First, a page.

One week ago today, I sent the following
See, I had just decided that I was going to be a runner — if not permanently, then at least for the next ten weeks while training for the
I received lots of feedback ("You can do it!" and/or "You're insane!"), but my favorite response was from Shawn, a great friend of mine: "Remember how you got really good at poker really fast? Or how you got really good at playing guitar really fast? So, I think if you use that same mentality you can pretty much do anything. Also, listen to our favorite christmas song while running and you'll be fine. You'll probably go really fast actually." And he's right: I have a history of developing small-scale obsessions, and running is a convenient remedy for my most recent bout of obsessionlessness.
So I found a
One week and four runs later, here are a few of my initial thoughts.
It's as much about how you feel afterwards as it is about the exercise itself
I've participated in some 10-week workout programs in the last couple years, so I'm familiar with working out in the mornings. I'm also familiar with how awake and alert I can be after a morning workout. I was reminded of this the morning of my first run — I arrived at work feeling energized and alert, whereas I'm usually dragging along with a coffee cup attached to my face.
So even if I'm not particularly looking forward to getting up early for a run, I can at least look forward to how good I'll feel when the run is over with.
There's something about every run worth celebrating
I've been using RunKeeper to record my runs, and it's been great to see my stats immediately afterwards — total distance, average speed, average 1-mile pace, c. With the help of RunKeeper, I'm able to see that
I'm not naïve. I know that I'll have runs that suck. But so far, I'm finding it relatively easy to find something worth celebrating after each run, and I hope to continue with that attitude in the future.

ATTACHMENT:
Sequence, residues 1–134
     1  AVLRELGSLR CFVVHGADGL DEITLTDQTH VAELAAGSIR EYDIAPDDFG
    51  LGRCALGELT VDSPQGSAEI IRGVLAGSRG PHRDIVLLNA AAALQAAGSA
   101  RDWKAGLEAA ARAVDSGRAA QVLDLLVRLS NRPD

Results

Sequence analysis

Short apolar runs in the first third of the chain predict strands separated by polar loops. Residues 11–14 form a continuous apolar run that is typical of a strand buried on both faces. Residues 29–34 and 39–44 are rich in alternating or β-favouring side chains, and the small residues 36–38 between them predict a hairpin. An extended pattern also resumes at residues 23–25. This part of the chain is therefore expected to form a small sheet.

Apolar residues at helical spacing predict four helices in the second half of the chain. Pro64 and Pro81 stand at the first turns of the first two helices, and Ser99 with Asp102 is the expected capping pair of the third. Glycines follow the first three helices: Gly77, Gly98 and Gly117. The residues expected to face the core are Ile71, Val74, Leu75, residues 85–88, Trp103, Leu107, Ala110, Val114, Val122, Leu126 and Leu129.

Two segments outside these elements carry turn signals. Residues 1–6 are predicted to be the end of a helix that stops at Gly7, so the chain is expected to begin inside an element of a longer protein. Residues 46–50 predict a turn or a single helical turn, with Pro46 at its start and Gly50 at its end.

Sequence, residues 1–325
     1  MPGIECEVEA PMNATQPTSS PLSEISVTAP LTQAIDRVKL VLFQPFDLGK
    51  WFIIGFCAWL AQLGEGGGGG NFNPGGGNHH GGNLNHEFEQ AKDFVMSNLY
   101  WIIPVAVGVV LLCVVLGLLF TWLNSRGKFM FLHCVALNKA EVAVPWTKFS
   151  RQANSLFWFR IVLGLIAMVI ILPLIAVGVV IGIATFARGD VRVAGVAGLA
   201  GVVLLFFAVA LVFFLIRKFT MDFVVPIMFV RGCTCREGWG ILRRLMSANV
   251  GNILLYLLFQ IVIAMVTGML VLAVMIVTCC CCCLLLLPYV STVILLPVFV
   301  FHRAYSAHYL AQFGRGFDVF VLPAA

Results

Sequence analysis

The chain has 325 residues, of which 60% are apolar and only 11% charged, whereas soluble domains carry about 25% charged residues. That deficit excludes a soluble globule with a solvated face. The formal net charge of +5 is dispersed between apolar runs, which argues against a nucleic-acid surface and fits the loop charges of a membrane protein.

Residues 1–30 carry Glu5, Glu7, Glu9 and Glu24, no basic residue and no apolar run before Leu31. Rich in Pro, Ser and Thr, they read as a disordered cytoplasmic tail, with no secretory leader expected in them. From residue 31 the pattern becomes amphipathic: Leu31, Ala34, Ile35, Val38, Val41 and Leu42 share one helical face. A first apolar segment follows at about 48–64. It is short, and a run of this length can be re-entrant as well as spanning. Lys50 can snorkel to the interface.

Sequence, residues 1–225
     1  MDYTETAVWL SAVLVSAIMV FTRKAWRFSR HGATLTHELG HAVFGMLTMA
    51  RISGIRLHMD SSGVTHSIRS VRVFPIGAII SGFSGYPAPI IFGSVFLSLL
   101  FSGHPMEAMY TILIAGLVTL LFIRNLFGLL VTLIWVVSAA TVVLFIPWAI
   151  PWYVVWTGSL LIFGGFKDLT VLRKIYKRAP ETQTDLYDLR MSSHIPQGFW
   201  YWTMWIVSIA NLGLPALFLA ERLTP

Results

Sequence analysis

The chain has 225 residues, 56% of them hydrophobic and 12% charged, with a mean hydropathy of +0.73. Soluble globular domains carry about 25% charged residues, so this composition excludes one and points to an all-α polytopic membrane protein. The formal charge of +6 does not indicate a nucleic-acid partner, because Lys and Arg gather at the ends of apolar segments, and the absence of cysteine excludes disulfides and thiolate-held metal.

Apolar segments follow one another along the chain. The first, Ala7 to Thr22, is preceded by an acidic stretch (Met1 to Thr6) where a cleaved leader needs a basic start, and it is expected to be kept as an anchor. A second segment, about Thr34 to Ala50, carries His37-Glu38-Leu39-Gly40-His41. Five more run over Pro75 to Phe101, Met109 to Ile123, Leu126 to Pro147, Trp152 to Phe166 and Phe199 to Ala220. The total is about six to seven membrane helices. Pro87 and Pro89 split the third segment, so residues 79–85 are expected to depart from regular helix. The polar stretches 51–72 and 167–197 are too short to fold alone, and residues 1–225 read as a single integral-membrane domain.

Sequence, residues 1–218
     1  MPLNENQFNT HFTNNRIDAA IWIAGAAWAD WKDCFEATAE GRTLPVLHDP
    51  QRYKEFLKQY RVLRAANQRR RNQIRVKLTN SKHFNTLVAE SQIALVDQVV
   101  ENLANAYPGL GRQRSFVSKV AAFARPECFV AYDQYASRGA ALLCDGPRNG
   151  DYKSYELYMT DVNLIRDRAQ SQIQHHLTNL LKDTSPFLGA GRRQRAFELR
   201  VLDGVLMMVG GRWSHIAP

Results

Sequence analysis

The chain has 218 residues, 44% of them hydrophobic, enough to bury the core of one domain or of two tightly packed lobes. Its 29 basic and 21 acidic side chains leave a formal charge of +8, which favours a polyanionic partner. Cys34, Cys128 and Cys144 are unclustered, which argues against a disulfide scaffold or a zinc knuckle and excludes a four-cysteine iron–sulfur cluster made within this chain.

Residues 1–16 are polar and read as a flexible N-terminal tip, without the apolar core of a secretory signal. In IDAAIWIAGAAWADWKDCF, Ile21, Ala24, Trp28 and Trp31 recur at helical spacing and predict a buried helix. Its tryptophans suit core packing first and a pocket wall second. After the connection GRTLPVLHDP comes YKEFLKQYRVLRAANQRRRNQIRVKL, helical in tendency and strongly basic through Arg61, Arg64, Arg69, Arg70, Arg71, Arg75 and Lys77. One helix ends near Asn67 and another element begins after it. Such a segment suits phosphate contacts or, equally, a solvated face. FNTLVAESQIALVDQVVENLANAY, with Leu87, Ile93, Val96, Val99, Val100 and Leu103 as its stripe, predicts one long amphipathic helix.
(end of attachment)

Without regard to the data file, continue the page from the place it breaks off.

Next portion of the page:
It feels good to be aware of my physical body
My daily routine essentially consists of getting up, showering, driving to work, sitting at my desk for 6-8 hours, driving home, and sitting around either watching TV, reading, or spending time online. None of those activities requires much awareness of my physical body; outside of eating (where I'm acutely aware of how hungry or full I am), most of my time is spent "in my head".
Running, on the other hand, is a forceful reminder that yes, I do have a physical body. From the burning in my lungs during the run to the pain in my calves afterward, I'm actually enjoying the experience of becoming familiar with my own body — its pain threshold, its stamina, its strengths and weaknesses. And I have no doubt that I'll enjoy feeling my body's continual transformation as I continue training.
As for the #RunRevRun hashtag in the title of this post: RunRevRun is an identifier for "pastors and friends to share stories about trying to keep — or get — fit." There's a
Part of the challenge of working as ministers is that people sometimes view you differently —as if that extra cookie won’t go to your waistline, or time to exercise is automatically built into our schedules. We’re faith leaders, but that doesn’t mean healthy lives come easy. We struggle to get fit, to stay motivated, [and] to eat well.
That pretty much sums it up. So if you see me blogging or tweeting with the #RunRevRun hashtag, just think of it as me seeking counsel and accountability from those in the same boat as me.
- Roughly five minutes after deciding to run a half marathon (13.1 miles?!), I set my sights a bit lower on a more-reasonable 5K. 
- E.g.: In junior high, I participated in track as a high- and long-jumper, and dabbled in 400m races here and there. At one Wednesday-night track meet, my coach, for reasons unbeknownst to anyone but him, penciled me in for an 800m race. I finished the race in last place, immediately threw up on the closest patch of grass I could find, and hopped in the car to go to Confirmation class.